New York Times Current History: The European War, Vol 2, No. 1, April, 1915 eBook

This eBook from the Gutenberg Project consists of approximately 340 pages of information about New York Times Current History.
worthy of the great sacrifices we have offered to our fatherland.  In the name of our electorate, we here declare, “So wishes all Russia.”
And you, brave warrior knights in the cold trenches, proudly bearing the standard of Russian imperialism, hearken to this national outburst.  Your task is difficult.  You are surrounded with trials and privations, but then you are Russian, for whom no obstacles exist.

A scene of indescribable enthusiasm ensued, the House rising and singing the national hymn.

The President’s peroration was in part as follows: 

The Premier, in the opening sentences of the speech which followed, said:  “Our heroic army, the flower and the pride of Russia, strong as never before in its might, notwithstanding all its losses, grows and strengthens.”  He did not fail to remind his hearers that the war is yet far from ended, but he added that the Government, from the first, had soberly looked the danger in the face and frankly warned the country of the forthcoming sacrifices for the common cause and also for the strengthening of the mutual gravitation of the Slavonic races.  He briefly referred to the Turkish defeat in the Caucasus as opening before the Russians a bright historical future on the shores of the Black Sea.

The Premier alluded to the tremendous change wrought in the national life by the abolition of the liquor traffic, which he designated a second serfdom vanishing at the behest of the Czar.  After a few years of sober, persistent labor, we would no longer recognize Russia.  The war had further raised the question of the creation in the world’s markets of favorable conditions to the export of our agricultural products, and a general revision of conditions calculated hereafter to guarantee to Russia a healthy development on the principle of entire independence of Germany in all branches of the national life.  In this direction the Government had already drafted and was preparing a series of elaborate measures.  He concluded with the expression of his conviction that, if all fulfilled their duty in the spirit of profound devotion to the Emperor and of deep faith in the triumph of the country, the near future would open before us perhaps the best pages in Russian history.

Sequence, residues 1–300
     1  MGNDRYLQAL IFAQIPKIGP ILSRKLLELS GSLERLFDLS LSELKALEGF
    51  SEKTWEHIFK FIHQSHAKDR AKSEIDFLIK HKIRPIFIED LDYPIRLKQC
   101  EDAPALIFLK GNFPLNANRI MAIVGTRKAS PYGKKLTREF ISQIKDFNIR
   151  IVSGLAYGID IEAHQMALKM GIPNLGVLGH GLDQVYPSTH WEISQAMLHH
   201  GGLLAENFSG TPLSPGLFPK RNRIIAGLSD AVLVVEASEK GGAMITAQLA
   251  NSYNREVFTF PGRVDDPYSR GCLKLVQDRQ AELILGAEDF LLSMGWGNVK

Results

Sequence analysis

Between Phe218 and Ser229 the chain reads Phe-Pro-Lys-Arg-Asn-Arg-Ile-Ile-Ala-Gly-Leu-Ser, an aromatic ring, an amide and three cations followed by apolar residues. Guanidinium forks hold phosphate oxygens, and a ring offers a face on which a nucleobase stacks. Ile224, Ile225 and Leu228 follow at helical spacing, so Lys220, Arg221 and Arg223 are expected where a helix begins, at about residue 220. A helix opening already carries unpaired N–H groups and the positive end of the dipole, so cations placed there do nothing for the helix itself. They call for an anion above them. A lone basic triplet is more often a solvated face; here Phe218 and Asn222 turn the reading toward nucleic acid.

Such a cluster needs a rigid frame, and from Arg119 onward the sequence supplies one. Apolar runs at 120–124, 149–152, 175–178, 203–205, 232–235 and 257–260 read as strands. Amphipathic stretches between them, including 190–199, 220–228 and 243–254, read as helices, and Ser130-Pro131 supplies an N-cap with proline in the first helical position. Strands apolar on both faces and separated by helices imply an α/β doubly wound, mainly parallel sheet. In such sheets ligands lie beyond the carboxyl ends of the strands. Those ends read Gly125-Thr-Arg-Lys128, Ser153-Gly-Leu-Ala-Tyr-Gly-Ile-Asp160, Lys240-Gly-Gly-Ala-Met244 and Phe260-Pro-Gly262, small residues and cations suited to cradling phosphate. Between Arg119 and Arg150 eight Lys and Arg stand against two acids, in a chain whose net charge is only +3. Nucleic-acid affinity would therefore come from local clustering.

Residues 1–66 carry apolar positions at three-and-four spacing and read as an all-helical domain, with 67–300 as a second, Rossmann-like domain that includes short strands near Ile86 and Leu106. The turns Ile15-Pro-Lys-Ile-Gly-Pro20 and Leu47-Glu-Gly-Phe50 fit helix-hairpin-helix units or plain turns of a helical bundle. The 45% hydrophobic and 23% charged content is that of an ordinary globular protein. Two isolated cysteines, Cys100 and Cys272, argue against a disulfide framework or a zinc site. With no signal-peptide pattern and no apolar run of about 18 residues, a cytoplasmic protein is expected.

The speeches of a peasant Deputy and a Polish representative were particularly impressive and well received.  The Socialist leader’s demand for peace called forth a smart rejoinder from a member of his own party.

M. SAZANOF’S SPEECH.

This afternoon the session of the Duma was opened in the presence of the whole Cabinet, the members of the Council of the Empire, the Diplomatic Corps, and the Senators.  The public galleries were filled.

M. Sazanof began his speech by recalling that six months ago in that place he had explained why Russia, in face of the brutal attempt by Germany and Austria upon the independence of Serbia and Belgium, had been able to adopt no other course than to take up arms in defense of the rights of nations.  Russia, standing closely united and admirably unanimous in her enthusiasm against an enemy which had offered provocation, did not remain isolated, because she was immediately supported by France and Great Britain and, soon afterward, by Japan.

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New York Times Current History: The European War, Vol 2, No. 1, April, 1915 from Project Gutenberg. Public domain.
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